Figure 3 is a wiring diagram ofthe equivalent electrical circuit of the acoustic system shown in Figure 2,

Figures 4 to 7, inclusive, are sectional views of the acoustical network of my present invention shown applied to a portion of the tubular member constituting the tapered line, and arranged in each gure to be effective over different fre quency ranges, and

Figures 4a to 7a, inclusive, are response curves showing, respectively, the responses of the arrangements of Figures 4 to 7.

Referring more particularly to the drawings, wherein similar reference characters designate corresponding parts throughout, Fig. 1 shows a pickup device I adapted to be placed against the human body or other subject to be studied and comprising a supporting plate 2 having a hollow stem 3 extending from its back face, a bore or opening being formed in the supporting plate 2 in communication with .the hollow stem 3. Secured tothe front face of the plate 2 is a backing member 1 having an opening Sin communication with the opening 5 and also having a plurality of forwardly extending projections II thereon. The backing member 1 may be of any suitable material, but it is preferably made of an elastic material, such as rubber, in accordance with the teachings of my above identied patent. The projections II may be conical, pyramidal, or the like. A, membranous diaphragm I3 of thin, sheet rubber or the like is carried by the supporting plate 2 with its rear or inner surface lin engagement with the apices of the projections II. The projections II are spaced from each other on the backing member 1 and are distributed over the entire area of the diaphragm I3, the spacing of the projections being such as to provide a plurality of intersecting and intercommunicating passageways I4 which communicate with the openings 9 and 5 and the hollow stem 3. all as more fully described and claimed in my above identified patent.

Fitted onto the stem 3 is a exible tube I5 of rubber or the like which connects the pickup device I to a tube I6, the latter, in turn, being connected to a Y connector I1. The connector I1 connects the tube I6 to a pair of ear tubes I9 terminating in a pair of ear pieces 2|.' The tubular members I5 and I6 are provided with a continuously tapered passage 23, 24 which expands gradually and uniformly from the stem 3 to the connector I1. ear tubes I9 are formed with similarly expanding passages 25 and 21 so that, from the stem 3 to the ear pieces 2|, a continuously expanding passage is provided. Except for the addition of the patent, the tube I5 of the latter being connected,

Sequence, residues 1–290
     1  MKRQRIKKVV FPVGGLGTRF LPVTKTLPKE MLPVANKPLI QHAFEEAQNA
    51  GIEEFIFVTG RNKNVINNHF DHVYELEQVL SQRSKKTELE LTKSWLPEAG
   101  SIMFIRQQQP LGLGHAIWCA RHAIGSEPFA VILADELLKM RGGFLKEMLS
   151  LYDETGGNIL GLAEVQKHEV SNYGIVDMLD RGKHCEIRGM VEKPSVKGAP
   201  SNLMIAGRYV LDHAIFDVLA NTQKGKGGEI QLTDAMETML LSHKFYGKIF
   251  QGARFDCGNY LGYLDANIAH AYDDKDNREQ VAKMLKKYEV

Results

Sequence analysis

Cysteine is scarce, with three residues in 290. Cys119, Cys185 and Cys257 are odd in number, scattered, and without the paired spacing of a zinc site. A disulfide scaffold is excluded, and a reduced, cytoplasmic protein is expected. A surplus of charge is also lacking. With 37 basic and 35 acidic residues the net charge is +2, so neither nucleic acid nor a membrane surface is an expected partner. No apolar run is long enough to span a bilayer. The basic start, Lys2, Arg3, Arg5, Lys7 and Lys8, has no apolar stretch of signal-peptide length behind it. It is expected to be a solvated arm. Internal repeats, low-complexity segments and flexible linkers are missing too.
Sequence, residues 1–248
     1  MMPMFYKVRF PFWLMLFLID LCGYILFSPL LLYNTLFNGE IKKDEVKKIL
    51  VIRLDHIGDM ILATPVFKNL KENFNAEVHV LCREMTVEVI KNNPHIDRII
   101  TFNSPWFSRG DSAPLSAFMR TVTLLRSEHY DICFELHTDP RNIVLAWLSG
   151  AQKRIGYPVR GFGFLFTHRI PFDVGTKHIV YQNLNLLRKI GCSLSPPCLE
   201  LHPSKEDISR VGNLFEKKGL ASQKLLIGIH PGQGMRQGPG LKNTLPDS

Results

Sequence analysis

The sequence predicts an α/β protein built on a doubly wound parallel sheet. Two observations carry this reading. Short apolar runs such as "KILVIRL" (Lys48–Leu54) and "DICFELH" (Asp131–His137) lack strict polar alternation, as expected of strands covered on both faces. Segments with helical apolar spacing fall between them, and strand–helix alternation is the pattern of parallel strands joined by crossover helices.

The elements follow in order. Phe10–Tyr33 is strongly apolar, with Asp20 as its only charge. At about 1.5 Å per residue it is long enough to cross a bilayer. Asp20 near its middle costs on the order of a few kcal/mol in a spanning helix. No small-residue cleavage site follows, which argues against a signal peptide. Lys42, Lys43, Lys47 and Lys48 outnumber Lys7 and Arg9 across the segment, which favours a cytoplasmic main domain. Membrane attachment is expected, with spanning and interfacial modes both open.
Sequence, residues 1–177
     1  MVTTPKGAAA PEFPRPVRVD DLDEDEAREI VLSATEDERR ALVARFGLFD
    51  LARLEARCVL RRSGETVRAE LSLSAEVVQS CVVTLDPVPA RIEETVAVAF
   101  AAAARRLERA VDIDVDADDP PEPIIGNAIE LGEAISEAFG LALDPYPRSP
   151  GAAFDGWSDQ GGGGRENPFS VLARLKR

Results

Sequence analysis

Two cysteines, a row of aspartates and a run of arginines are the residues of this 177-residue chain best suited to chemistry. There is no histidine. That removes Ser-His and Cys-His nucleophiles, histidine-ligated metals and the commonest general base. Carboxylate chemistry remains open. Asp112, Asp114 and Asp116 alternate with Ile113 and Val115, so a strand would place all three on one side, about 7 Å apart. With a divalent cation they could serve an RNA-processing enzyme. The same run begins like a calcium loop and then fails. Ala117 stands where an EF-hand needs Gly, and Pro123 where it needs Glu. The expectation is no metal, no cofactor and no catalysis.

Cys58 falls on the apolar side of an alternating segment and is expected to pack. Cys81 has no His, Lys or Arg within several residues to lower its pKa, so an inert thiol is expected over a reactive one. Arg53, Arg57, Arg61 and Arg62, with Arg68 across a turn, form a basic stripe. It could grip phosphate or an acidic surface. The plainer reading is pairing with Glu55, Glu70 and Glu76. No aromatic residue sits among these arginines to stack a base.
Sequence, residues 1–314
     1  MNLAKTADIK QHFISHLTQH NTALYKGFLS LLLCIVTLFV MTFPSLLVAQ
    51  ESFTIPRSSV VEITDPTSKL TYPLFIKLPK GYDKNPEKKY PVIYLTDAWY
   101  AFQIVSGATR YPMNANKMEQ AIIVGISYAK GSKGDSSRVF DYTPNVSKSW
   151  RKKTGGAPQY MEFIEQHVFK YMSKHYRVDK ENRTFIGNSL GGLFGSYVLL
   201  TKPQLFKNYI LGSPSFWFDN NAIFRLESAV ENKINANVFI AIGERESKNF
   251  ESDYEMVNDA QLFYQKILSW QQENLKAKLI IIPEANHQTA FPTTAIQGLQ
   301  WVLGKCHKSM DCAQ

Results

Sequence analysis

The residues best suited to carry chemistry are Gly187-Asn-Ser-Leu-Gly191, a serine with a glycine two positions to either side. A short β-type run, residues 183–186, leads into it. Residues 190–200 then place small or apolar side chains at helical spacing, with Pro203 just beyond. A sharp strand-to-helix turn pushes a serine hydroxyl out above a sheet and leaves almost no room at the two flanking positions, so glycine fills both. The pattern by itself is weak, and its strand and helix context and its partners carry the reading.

directly to the Y connector I1 instead of through the tube I6.

The diaphragm I3 is of the order of 1" inv diameter and the relatively high impedance of the area of the human body covered thereby when in contact therewith matches the surge acoustic impedance of the air in the stem of passageway 23 at its smaller or receiver end. Since, however, this does not match the impedance of the ear canals, the passages 23, 24, 25, and 21 are tapered as above described, the rate of taper being such that the relatively high impedance at the pickup end of the tube I5 will be matched to the relatively low impedance of the ear canals at the ear pieces 2|.

A stethoscope such as that described thus far has a frequency range of from about 40 cycles per second to about 4000 cycles per second. This range permits hearing sounds generated in the human body which cannot be heard with other stethoscopes. In some cases, the additional sounds which are heard cause confusion by masking the sounds to which it is desired to listen particularly. To avoid this diiculty, there may be formed in the wall of the tubular member I6 one or more openings which aord communication between the portion 24 of the tapered passage and the exterior thereof. Two such openings 30 and 3|, spaced from each other longitudinally along the tube IS, a third opening 30a aligned with but spaced 180 from the opening 30, and a fourth opening 3|a aligned with but spaced only 90 from the opening 3|, are shown by way of illustration. Another tubular member The connector I1 and the 33 whichis closed at each end and has a partition 35 therein dividing it into two chambers 34 and 36 is rotatably mounted on the tube I6 about the openings 30,.30a, 3| and 3|a. The inner wall of the member 33, which acts as a nlter device, is provided with a pair' of openings 31 and 33 spaced from each other in a longitudinal direction the same distance as the openingsl 30 and 3|, the opening 31 being arranged to cooperate with the openings 30 and 30a, and the opening 36 being arranged to cooperate with the openings 3| and 3|a.

The filter tube 33 may be manually rotated 90 on the tube I6 from one position wherein its inner wall closes off all of openings 30, 30a, 3|